Inutilis scientia Spinozana [73] The First Spinoza Community [Fake-cover?]

Ongeveer een week geleden plaatste iemand, Maxwell Bax, op Instagram onderstaande afbeelding.

Het lijkt toch duidelijk een boekje, getiteld: The First Spinoza Community.

Daarop is geschreven:  "Something I was handed at school. Interesting views expressed by Spinoza on friendship. Agree? Yea!"

Maar, zo takel je een boekje toch niet toe?

Als je verder via Google niets over 'n boekje met deze titel vindt, ook niet bij de Duitse Spinoza bibliografie en evenmin bij Jean Préposiet, Bibliographie spinoziste. [Presses Univ. Franche-Comté, 1973 books.google], dan ga je aan het bestaan ervan twijfelen.

Maar ik kan me een boekje met zo'n fraaie titel zo heel makkelijk voorstellen. Dat móet toch ooit uitgegeven zijn!

 

Aanvulling zelfde dag: 

Toch vond ik iets meer toen ik, nadat ik bovenstaande blog gemaakt had, nog eens de titel ingaf, maar nu tussen aanhalingstekens. Dat leverde dit resultaat op.

Daaruit blijkt dat het om een bescheiden uitgave van 7 bladzijden in 1932 gaat door het Spinoza Center dat in 1923 was opgericht door Frederick Kettner (de stichter van de "biosofie") [cf. blog]

Worldcat en books.google weten de datum van het bescheiden werkje niet en geven resp. 193- en 193? Maar het moet 1932 geweest zijn, zo  is af te leiden uit het volgende bericht dat tevens meer inzicht in de achtergrond verschaft:

Einstein Lauds Philosophy of Baruch Spinoza in Tercentenary Message
November 27, 1932

Praise for the tenets of Baruch Spinoza, the tercentenary of whose birth occurred on Thursday, is expressed in a message sent by Professor Albert Einstein to the Spinoza Institute of America.

The message declared:

“To Spinoza the spiritual and the material are merely different manifestations of one universal, deterministic reality. This concept has become the intellectual heritage of all men who seek the spiritual values in the field of the material. But even our age is still very far from grasping the full implication of this concept in its application to life, as Spinoza has grasped it.

“The recognition of the causal interrelationships of human behavior should lift our actions to a higher plane of conduct, which should not be subject to the irrational reactions of blind emotion. Our behavior should be motivated by the ever-present realization that human beings in their thoughts, feelings and actions are not free agents, but are as subject to the inexorable laws of cause and effect as are the stars in their courses.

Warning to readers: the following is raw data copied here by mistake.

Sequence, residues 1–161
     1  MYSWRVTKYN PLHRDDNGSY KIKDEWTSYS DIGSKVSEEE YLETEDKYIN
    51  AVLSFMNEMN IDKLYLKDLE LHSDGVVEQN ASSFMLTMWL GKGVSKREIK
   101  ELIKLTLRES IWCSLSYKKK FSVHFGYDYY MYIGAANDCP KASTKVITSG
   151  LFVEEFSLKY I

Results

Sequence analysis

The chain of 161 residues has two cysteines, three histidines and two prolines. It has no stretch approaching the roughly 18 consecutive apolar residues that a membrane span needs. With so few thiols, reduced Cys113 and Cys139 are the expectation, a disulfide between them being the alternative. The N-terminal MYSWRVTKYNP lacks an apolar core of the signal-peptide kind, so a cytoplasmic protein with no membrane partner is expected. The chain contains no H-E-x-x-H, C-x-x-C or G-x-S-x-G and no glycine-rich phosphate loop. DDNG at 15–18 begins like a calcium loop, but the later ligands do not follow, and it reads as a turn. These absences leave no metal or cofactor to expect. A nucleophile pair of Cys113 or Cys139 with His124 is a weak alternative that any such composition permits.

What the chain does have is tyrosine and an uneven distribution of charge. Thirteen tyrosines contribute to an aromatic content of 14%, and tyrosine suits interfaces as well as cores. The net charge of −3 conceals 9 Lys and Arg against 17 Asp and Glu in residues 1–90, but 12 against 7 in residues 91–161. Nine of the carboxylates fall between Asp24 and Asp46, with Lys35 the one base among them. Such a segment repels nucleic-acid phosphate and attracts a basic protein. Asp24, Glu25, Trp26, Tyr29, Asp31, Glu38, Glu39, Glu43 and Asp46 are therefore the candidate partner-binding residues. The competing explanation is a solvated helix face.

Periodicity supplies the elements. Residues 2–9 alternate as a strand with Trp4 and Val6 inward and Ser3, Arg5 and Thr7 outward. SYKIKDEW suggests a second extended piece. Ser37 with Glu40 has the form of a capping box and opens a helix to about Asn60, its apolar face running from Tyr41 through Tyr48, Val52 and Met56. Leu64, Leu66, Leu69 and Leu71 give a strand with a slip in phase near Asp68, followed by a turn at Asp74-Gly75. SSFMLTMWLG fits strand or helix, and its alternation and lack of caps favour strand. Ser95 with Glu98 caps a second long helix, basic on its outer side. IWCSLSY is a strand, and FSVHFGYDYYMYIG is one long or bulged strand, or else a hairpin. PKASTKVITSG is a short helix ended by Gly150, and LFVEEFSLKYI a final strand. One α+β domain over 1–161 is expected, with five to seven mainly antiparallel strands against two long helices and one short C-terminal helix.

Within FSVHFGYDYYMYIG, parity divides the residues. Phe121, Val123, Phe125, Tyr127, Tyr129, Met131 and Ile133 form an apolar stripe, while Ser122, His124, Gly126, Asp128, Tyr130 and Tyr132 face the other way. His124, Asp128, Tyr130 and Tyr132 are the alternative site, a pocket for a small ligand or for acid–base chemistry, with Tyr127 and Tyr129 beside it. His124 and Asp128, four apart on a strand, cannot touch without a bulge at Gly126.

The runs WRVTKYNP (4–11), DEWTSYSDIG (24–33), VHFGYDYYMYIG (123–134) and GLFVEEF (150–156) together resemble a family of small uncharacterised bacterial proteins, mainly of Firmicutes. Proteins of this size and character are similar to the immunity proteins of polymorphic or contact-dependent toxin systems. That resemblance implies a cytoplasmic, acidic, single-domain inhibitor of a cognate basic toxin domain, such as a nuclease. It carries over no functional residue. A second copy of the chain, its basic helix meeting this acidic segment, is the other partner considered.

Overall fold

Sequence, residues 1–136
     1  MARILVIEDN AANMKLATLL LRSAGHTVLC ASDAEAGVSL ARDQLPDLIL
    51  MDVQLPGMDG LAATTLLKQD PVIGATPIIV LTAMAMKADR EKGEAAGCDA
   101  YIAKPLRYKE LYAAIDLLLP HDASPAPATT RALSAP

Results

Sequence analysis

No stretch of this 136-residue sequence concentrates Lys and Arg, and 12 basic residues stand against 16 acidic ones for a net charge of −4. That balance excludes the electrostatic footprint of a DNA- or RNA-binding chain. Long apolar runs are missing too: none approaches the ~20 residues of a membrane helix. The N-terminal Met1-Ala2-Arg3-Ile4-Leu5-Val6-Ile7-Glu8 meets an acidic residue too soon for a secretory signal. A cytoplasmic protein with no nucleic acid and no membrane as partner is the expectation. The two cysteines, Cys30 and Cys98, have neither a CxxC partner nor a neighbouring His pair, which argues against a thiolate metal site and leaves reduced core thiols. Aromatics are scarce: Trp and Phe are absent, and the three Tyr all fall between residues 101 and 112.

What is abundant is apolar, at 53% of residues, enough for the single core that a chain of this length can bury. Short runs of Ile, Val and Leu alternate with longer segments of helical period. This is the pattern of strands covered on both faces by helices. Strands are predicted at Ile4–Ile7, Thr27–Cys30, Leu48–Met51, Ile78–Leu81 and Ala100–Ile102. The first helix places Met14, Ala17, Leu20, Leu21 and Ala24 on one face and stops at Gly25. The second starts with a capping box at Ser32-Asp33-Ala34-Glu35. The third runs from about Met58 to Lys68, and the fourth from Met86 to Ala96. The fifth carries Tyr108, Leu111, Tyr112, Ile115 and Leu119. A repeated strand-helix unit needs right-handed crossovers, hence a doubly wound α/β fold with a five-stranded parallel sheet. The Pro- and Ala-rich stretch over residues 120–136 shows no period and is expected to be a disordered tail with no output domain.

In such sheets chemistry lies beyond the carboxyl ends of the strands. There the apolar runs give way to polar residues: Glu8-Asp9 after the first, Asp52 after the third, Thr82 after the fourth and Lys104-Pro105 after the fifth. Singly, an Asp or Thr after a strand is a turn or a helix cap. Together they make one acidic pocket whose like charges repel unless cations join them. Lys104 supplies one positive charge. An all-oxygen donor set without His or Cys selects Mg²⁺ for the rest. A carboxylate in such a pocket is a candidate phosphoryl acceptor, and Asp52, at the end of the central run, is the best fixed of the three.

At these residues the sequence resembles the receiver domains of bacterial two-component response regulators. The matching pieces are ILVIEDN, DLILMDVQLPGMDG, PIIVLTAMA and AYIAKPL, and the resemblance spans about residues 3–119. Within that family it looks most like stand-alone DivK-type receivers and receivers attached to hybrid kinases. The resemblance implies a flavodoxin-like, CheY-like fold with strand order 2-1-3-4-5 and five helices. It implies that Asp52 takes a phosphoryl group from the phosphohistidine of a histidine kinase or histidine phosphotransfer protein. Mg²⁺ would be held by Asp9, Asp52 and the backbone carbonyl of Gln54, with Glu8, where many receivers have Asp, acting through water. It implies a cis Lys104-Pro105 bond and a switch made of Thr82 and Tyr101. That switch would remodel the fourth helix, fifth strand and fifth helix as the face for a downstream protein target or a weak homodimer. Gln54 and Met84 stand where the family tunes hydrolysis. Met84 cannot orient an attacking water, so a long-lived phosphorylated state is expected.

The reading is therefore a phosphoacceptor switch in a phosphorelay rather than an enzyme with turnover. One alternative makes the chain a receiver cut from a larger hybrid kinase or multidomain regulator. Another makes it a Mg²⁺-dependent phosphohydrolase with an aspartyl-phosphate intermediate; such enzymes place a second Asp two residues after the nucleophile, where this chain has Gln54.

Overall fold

“Spinoza has shown us that the comprehension of this all-embracing causality is very largely within the grasp of the human intellect. Spinoza’s analysis of the realm of the spiritual, as given by him in his ‘Ethics,’ is for this reason of far reaching educational significance. There is nothing to be more ardently wished for than that this book may influence an ever-wider circle of human beings and thus exert its spiritual force on individuals and society alike.”

In New York City the tercentenary was marked by a testimonial meeting at City College on Wednesday evening and a dinner on Thursday evening at the Plaza in which educators, writers and scholars participated.

At the City College meeting testimonials were read from Sir Frederick Pollack, legal authority, and Dr. Samuel Alexander, Professor of Philosophy at the University of Manchester.

Speakers included Dr. Frederick B. Robinson, president of City College; Professor Isaac Husik of the University of Pennsylvania; Dr. Gabriel R. Mason, principal of the Abraham Lincoln High School; Dr. Jacob Shatzky, American delegate to the Spinoza Congress at The Hague; Dr. I. H. Muraskin, president of the Spinoza Institute, and Harry Watson, author of “The Philosophy of Spinoza.”

The dinner meeting was addressed by Dr. Robinson, John Erskine, Benjamin De Casseres, a lineal descendant of Spinoza; Professor Erwin Edman of Columbia University; Dr. George S. Hellman, who read from a paper by Dr. A. A. Brill, psychoanalyst; W. P. Montyn, Consul General of the Netherlands; and Dr. Frederick Kettner.

The Spinoza Center, founded nine years ago by Dr. Kettner, celebrated the tercentenary by announcing the establishment of “the first Spinoza Community” which will pool its financial, social, religious and educational resources.

the tercentenary of the birth of Baruch Spinoza.

Three distinguished speakers, all Jews, addressed the Institute and expounded Spinoza’s philosophy. They were Sir Herbert Samuel, Professor S. Alexander and Professor A. Wolf.

All stressed the Jewish surroundings in which Spinoza was brought up and the Jewish influence on his thought. They described the economic and social standing of the Jewish people during Spinoza’s lifetime.

[Cf.]  

De 7-pagina's tellende brochure gold dus kennelijk de vestiging van “the first Spinoza Community” waarmee het Spinoza Centrum financiële e.a. middelen wilde verwerven.

 

En samen met deze foto van de plechtige bijeenkomst bij gelegenheid van Spinoza's 300e geboortedag gaf The Biosophical Institute deze informatie

In the United States, in honor of Spinoza’s 300th birthday (in 1932), it was the Spinoza Center that sponsored a tercentenary celebration of the birth of Benedict Spinoza. Dr. Frederick Kettner, the leader of the Spinoza Center, made public the “Declaration of the First Spinoza Community”. [Cf.]

Ook werd the 1933 Spring issue of the Spinoza Quarterly [Vol 2 #3 Issue_001] als PDF gepubliceerd en dat leverde nóg een verrassende ontdekking op voor twee volgende blogs ( blog1 en blog2).  

N.B. wat begon als "Inutilis scientia Spinozana" werd gaande de ontdekkingsreis almaar  "onnuttige kennis".